Recently I sat on a bench in Union Square Park, busily texting away. I was hardly aware of the man sitting close by feeding the pigeons. I then began talking on my cell paying him no mind but after I was done he spoke to me, “ Hello,,,sir,,,sir” and then said something I couldn’t quite make out, so I ignored him, not wanting any interruption as I again began my all important texting. When I finally was ready to attend to him on my own terms and ask what he wanted (an all too common protective strategy for a seasoned New Yorker), he grumbled something and got up and walked away. The protective stance I had taken, habituated by years of living in the city, certainly saved me from listening to another long drawn out story or being asked for something (usually money) but also caused me to miss an opportunity to connect with a fellow human being, even just for a moment and perhaps offer something of myself. In this case I’ll never know which the better response was, but my attitude, perhaps closed-heartedness, prevented me from having the choice to make. Had I been more consciously living from my heart I surely would have given him the proverbial time of day--perhaps that’s all he was asking for. When he got up and walked away saying, “Never mind” in a somewhat angry and dejected tone, I felt a bit sad since the loss seemed to be clearly mine.
How often do we all let little opportunities pass by when we can lend a hand or perhaps open our hearts a little? Yes, we are constantly being bombarded with stimulus, especially those of us living in the city. And we do have to protect ourselves so as not to get overwhelmed. But there must be some kind of balance so that we don’t completely lose ourselves and yet give when we are capable. How can we not lose heart with all that’s amiss in our world and instead live from the heart more of the time?
Living from the heart is indeed a wonderful expression, as it implies consciously living in a loving way. Doing so can bring a myriad of rewards. It does take some faith and trust, and it needs to become a learned and consistent practice, a habit of sorts. If you’re going to become a truly loving person it’s important to learn to love unconditionally, not just when we’re in the mood. We must start to live from this place where we firmly believe that loving someone can bring more love to both giver and receiver, and that there’s no end to the supply of love. If we can choose once again to return to love we can allow this learning to deepen within ourselves and become a habit to live by. And once a habit’s in place we can relax into the flow of the energy of whatever the activity is: exercising and the wonderful way you feel afterwards, eating healthy and feeling a renewed vitality, and sharing ourselves and the reward of feeling our hearts open to another and the love that connects us all.
We can make this practice come alive by consciously being aware of all the opportunities around us each day to give love. In each of our own worlds we can probably think of ways to give to someone we know, to share some of our abundance with someone in need. And certainly, just by walking down the street it’s easy to discover opportunities to give a smile, lend a hand, or contribute a dollar or two. All of us are capable of so much more, and by simply tuning into the love in our hearts we will know what to do. For me, sitting on a park bench will now be an experience where my awareness is expanded so that I’ll be much more open to reaching out or at least being receptive to someone sitting in my circumference. You might try reflecting on missed opportunities in your life, where you’ve overlooked where you could have made a difference. Instead of feeling bad, look inside yourself and try to discover what prevented you from reaching out, so that you can get to know yourself better and do it differently next time. In doing so you may end up healing something within your own heart that has pained you for some time. You may give up some resentment or judgment you’ve been holding onto or even forgive some aspect of yourself or another that has caused you suffering. By giving this loving kindness first to yourself it makes it easier to give to those around you.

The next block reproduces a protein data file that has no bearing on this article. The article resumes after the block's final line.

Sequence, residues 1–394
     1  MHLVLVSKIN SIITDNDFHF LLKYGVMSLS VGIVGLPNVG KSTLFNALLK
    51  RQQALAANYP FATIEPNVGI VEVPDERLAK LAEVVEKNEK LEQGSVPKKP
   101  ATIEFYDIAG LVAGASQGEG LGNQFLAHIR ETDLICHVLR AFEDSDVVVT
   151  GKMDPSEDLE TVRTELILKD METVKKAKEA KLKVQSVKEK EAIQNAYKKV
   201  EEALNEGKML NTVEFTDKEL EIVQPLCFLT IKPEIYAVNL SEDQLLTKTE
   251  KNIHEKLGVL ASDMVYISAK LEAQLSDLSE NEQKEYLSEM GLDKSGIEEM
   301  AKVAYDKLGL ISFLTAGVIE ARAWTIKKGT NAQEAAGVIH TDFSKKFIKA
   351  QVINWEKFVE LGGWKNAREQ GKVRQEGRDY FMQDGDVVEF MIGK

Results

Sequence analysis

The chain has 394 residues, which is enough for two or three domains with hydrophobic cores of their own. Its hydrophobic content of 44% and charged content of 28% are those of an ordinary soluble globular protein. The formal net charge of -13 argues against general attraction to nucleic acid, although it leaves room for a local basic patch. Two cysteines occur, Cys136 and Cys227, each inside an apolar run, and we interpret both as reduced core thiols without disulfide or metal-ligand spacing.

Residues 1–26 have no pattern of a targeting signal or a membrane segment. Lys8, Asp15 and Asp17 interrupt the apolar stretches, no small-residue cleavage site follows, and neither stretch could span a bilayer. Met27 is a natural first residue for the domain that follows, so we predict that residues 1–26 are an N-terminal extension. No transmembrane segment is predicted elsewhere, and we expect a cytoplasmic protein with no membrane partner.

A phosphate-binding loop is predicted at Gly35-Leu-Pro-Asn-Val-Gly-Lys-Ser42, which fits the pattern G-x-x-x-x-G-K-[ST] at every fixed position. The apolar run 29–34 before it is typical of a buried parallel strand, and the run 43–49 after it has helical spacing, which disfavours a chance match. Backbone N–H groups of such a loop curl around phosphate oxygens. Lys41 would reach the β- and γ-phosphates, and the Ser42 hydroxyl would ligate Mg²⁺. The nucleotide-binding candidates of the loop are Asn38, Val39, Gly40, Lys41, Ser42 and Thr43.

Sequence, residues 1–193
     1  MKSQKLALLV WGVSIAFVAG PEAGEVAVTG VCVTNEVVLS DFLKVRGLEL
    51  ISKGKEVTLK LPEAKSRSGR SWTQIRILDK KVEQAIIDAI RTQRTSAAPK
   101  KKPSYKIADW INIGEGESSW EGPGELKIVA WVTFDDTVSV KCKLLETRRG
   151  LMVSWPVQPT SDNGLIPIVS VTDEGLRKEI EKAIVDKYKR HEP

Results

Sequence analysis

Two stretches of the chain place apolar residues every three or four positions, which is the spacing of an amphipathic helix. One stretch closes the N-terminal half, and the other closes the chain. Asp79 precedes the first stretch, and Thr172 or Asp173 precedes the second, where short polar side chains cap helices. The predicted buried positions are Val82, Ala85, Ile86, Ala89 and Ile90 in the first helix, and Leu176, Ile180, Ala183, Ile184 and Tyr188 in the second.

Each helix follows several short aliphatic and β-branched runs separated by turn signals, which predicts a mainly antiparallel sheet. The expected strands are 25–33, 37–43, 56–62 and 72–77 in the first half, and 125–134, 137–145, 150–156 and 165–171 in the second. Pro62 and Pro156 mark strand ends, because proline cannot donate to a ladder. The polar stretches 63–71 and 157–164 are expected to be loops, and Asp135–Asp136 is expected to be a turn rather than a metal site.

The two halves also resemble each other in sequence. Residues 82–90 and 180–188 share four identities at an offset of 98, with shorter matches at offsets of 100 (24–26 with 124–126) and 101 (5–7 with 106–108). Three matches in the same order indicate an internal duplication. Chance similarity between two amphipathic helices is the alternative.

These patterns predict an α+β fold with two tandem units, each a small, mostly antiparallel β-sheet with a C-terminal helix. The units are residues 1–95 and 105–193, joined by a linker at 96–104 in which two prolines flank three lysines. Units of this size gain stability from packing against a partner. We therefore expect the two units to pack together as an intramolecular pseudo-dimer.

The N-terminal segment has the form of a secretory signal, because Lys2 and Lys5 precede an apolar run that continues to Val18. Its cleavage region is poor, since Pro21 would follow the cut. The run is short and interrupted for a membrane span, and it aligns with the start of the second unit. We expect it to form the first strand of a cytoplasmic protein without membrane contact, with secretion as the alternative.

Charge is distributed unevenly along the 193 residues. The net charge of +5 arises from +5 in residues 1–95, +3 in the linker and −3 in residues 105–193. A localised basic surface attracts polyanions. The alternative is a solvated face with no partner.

Let’s learn to live from the heart. It is certainly the one thing we can work at doing. And it may be just the thing that if we all start practicing, will transform the world as we know it. This would surely usher in a new paradigm of thinking and feeling where living from the love inside our hearts becomes the accepted way of being.
Michael Mongno MFT, Ph.D, LP is a licensed psychoanalyst, relationship counselor and holistic practitioner in Manhattan. He is the founder of Present Centered Therapies which synthesizes Gestalt and Cognitive Behavioral therapies, Eastern spirituality, as well as Imago and Emotionally Focused Couples Therapy. He brings a wealth of successful experience with a wide range of couples issues as well as down-to-earth wisdom and modern sensibility to what it takes to create healthy, loving, and empowered relationships.
Please visit PresentCenteredTherapies.com or call (212) 799-0001 for more information.